This volume examines the archaeology of precolonial West African societies in the era of the trans-Atlantic slave trade. Using historical and archaeological perspectives on landscape, this collection of essays sheds light on how involvement in the commercial revolutions of the early modern period dramatically reshaped the regional contours of political organization across West Africa. The essays examine how social and political transformations occurred at the regional level by exploring regional economic networks, population shifts, cultural values and ideologies. The book demonstrates the importance of anthropological insights not only to the broad political history of West Africa, but also to an understanding of political culture as a form of meaningful social practice.
"Trade has been the economic foundation of international integration and globalization. But, as Findlay and O'Rourke show in this masterful, state-of-the-art historical survey, it has also been a very frequent cause of rivalry between nations and maritime conflict. No better book exists on the role that commerce has played in generating both the wealth of nations and the wars between them. The authors command the literature the way Victorian admirals ruled the waves. "--Niall Ferguson, Harvard University "A work of extraordinary scope and ambition and a major achievement. Findlay and O'Rourke show how international trade opens an illuminating window onto fully a millennium of world economic history. "--Barry Eichengreen, University of California, Berkeley The vision that emerges in this book is more powerful and encompassing than any previous study of world trade. It passes all the tests that an economic historian might require in terms of empirical evidence while also embodying a very clear view of the economics of globalization. The authors have new and important things to say about trade and the Industrial Revolution, the Great Divergence, the extent and driving forces of the globalization of trade in different periods, and the possibility of another globalization backlash. A marvelous achievement. "--Nicholas Crafts, University of Warwick "The significance of this work lies in its comprehensiveness and the unflagging thoughtfulness of its analysis. It is very rare to find such detailed historical coverage resting on such a solid theoretical foundation. "--Eric L. Jones, author ofThe European MiracleandCultures Merging "This book, magisterial in scope and execution, marries a reading of voluminous historical research with an economist's sharp eye to what is important in shaping economies and events. The authors have drawn exhaustively on the secondary historical, political, and economic literature of the relevant periods and have integrated it faithfully with their own conceptual framework. "--Douglas A. Irwin, Dartmouth College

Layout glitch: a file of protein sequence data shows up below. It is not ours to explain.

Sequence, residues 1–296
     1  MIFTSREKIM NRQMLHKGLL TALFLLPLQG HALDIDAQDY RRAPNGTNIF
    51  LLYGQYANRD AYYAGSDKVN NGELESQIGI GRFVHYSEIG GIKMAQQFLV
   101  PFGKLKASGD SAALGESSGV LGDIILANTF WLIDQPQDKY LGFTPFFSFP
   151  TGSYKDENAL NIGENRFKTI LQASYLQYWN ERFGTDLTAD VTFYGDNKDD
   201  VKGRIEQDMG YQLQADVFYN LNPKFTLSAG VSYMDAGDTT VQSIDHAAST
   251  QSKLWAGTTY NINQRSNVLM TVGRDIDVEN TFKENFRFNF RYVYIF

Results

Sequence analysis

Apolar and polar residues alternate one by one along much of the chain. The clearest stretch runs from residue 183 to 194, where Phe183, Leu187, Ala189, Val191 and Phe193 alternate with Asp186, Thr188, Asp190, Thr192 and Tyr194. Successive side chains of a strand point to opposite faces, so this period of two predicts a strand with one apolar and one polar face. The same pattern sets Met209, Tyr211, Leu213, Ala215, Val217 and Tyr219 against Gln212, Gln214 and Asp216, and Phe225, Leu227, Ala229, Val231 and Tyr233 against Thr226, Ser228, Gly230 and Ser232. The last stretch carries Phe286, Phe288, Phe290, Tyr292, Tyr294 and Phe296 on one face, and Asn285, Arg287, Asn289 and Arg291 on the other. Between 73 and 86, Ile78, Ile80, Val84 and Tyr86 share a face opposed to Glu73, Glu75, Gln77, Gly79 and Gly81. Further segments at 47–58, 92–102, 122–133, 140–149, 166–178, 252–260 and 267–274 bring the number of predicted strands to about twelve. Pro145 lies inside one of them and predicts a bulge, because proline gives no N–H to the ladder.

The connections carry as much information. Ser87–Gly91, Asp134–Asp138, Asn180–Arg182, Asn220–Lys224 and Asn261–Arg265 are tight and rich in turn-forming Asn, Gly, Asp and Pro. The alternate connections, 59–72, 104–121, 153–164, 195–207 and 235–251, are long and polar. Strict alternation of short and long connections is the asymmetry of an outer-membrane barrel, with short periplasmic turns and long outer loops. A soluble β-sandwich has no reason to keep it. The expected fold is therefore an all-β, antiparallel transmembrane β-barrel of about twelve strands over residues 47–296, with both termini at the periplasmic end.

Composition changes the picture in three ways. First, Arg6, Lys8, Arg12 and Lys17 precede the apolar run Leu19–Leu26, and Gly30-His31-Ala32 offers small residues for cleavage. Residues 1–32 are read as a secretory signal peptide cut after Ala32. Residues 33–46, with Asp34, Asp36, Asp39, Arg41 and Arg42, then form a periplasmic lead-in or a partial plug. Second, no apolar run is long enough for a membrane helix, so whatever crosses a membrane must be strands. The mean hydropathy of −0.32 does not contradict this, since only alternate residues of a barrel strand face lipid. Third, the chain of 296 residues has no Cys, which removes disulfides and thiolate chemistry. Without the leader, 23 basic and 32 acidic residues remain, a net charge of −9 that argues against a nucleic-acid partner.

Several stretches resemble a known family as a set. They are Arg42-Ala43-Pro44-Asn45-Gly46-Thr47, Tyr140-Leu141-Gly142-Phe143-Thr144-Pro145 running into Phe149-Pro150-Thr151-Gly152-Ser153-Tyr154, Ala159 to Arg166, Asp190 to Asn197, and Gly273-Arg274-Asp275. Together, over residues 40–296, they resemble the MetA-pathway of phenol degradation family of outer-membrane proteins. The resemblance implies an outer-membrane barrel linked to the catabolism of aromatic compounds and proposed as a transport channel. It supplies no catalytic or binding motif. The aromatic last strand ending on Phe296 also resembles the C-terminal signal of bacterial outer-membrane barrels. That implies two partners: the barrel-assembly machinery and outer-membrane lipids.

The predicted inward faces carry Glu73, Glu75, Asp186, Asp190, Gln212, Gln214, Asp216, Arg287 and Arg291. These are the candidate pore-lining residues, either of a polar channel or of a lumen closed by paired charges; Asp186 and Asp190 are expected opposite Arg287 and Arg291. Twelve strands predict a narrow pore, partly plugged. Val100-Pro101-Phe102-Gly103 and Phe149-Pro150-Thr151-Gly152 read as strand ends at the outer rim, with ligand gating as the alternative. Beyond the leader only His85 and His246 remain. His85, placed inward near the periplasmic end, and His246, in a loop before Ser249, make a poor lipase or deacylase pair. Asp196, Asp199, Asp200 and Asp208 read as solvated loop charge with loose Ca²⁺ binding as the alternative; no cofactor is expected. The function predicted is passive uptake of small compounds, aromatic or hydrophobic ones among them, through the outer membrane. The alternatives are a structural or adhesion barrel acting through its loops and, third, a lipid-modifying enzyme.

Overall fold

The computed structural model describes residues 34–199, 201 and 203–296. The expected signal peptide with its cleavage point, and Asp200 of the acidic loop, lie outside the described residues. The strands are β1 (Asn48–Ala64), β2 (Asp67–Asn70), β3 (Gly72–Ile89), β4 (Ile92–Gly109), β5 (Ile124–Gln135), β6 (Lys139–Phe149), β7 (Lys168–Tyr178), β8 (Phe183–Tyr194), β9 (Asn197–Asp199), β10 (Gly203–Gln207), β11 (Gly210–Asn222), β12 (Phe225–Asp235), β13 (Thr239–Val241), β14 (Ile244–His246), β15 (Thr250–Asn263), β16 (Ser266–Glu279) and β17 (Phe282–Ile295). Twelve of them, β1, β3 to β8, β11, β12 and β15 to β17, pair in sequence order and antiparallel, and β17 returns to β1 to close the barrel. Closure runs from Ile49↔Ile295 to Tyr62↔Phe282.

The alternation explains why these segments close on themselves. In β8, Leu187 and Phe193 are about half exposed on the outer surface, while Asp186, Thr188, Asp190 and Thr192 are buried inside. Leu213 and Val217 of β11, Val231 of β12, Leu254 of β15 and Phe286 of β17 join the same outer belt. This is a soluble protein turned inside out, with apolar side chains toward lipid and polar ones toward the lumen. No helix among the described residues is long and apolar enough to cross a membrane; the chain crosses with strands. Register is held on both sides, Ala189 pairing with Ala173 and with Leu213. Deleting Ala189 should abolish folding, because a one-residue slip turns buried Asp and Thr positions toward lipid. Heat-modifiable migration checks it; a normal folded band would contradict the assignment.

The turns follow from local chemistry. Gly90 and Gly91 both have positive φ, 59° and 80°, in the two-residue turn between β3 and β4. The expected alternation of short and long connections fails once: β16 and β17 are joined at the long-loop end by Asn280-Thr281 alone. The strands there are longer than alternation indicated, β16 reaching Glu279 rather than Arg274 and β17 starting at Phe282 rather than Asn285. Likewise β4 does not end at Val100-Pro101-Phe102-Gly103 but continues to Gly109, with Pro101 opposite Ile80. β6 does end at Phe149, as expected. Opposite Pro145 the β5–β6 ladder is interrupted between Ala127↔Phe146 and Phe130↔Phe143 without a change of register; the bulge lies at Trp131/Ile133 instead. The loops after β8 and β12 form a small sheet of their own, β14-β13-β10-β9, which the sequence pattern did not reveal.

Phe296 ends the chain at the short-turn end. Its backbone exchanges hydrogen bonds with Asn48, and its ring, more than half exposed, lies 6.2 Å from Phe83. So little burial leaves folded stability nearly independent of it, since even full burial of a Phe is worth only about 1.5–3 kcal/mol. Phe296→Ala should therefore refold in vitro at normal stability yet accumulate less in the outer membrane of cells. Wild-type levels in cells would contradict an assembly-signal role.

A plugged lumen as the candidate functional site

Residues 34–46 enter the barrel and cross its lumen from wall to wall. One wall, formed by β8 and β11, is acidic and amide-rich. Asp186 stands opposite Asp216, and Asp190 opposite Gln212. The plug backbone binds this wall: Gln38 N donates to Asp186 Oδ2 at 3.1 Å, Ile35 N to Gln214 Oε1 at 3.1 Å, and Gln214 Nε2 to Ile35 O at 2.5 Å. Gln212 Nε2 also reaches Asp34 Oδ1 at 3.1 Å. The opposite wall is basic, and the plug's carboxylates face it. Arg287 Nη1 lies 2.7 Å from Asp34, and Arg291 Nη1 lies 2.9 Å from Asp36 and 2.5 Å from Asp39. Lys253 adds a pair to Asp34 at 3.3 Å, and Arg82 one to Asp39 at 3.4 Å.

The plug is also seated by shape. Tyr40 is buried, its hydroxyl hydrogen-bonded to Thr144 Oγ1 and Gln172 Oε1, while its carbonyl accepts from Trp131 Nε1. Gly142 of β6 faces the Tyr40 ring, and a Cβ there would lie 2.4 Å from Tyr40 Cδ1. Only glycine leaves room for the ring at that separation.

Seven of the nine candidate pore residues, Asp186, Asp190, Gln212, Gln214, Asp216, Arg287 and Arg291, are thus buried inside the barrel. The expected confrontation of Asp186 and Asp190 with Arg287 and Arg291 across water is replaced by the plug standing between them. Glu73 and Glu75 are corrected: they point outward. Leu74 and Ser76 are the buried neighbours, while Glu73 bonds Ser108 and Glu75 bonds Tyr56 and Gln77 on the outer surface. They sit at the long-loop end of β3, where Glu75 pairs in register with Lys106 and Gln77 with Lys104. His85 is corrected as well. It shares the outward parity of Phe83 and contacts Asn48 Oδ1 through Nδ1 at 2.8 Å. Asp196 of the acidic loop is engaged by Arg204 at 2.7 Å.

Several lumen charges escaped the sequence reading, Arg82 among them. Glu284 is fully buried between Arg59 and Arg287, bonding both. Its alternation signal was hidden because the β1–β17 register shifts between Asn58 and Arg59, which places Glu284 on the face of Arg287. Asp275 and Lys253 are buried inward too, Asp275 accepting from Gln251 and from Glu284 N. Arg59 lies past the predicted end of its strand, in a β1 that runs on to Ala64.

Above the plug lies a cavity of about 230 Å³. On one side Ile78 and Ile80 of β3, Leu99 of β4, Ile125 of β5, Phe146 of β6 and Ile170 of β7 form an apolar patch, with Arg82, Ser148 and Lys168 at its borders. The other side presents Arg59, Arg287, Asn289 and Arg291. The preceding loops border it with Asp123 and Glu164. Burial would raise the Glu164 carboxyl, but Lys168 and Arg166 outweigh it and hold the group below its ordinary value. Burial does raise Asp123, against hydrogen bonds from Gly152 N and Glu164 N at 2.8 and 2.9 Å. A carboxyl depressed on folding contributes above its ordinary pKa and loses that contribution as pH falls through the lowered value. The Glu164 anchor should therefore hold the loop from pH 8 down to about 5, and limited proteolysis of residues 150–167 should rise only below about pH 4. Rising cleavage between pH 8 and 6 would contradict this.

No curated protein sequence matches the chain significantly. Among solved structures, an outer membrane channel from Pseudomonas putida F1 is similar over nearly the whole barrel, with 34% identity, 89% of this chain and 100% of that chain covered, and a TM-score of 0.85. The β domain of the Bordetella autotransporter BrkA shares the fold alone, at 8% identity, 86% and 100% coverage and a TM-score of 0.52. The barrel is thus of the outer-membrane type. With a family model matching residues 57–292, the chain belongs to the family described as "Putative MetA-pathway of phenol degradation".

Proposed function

This book establishes that power works to develop and maintain the quiescence of the powerless; rebellion, as a corollary, may emerge as power relationships are altered and together, patterns of power and powerlessness can keep issues from arising, grievances from being voiced, and interests from being recognized.
Jeremi Suri puts the tumultuous 1960s into a truly international perspective in the first study to examine the connections between great power diplomacy and global social protest.
Discussions with one who regards our reactions to 9/11 as mis-directed and excessive.
A Mexican state has outlawed the Church and is killing off the priests. One priest escapes and is faced his sins and the choice between his vocation and safety.
Introducing The Marshalls...A rich, powerful family that mixes business, politics...and pleasure. If the U. S. had a royal family-this would be it! Any red-blooded woman would kill to be handcuffed to political hotshot Brady Marshall, but campaigner Aspyn Breedlove wants to raise awareness-not her own acute consciousness of those delicious, iron-hard muscles beneath Brady's expensive suit. ... But in a shock move, she's made a part of the Marshall re-election campaign. ... Aspyn hopes she can dance with the devil and create change from within. But what chance does she have when that devil is sex-on-legs Brady Marshall-and as Christmas closes in, she wants to do considerably more than kiss him under the mistletoe...!
Pope John Paul II was a leader to millions of Catholics at a time of tremendous change. Promising a renewed church, he became a symbol of hope worldwide. Now, four years after his death, calls for his sainthood continue. But is this the whole truth? InThe Power and the Glory, David Yallop explores the myths and half truths of John Paul II's long reign, revealing everything from the mismanagement of Vatican finance and the child sexual abuse crisis to the Vatican's role in the fall of Communism and the rise of the Opus Dei. Including explosive revelations from the CIA, the KGB, and the Vatican itself,The Power and the Gloryis a bold and unflinching account of a beloved leader.
Graham Gage is back! The private investigator with an unfailing moral compass--whom Cornelia Read, author of The Crazy School, calls a "James Bond for grown-ups"--returns in Power Blind, another high-stakes political thriller from Steven Gore. The murder of a "fixer" for the wealthy and corrupt puts Gage on the trail of a conspiracy that threatens American democracy, an all-too-real nightmare deep-rooted in the heart of the federal government. Aside from superior writing, what sets this page-turning adventurer from the author of Final Target, Absolute Risk, and Act of Deceit apart from other edge-of-the-seat thrillers is the intelligence and astonishing authenticity author Gore--himself a former private investigator trained in forensic science--adds to the story. If you are blind to the corrupt inner workings of those in power in Washington, D.C., Power Blind will open your eyes.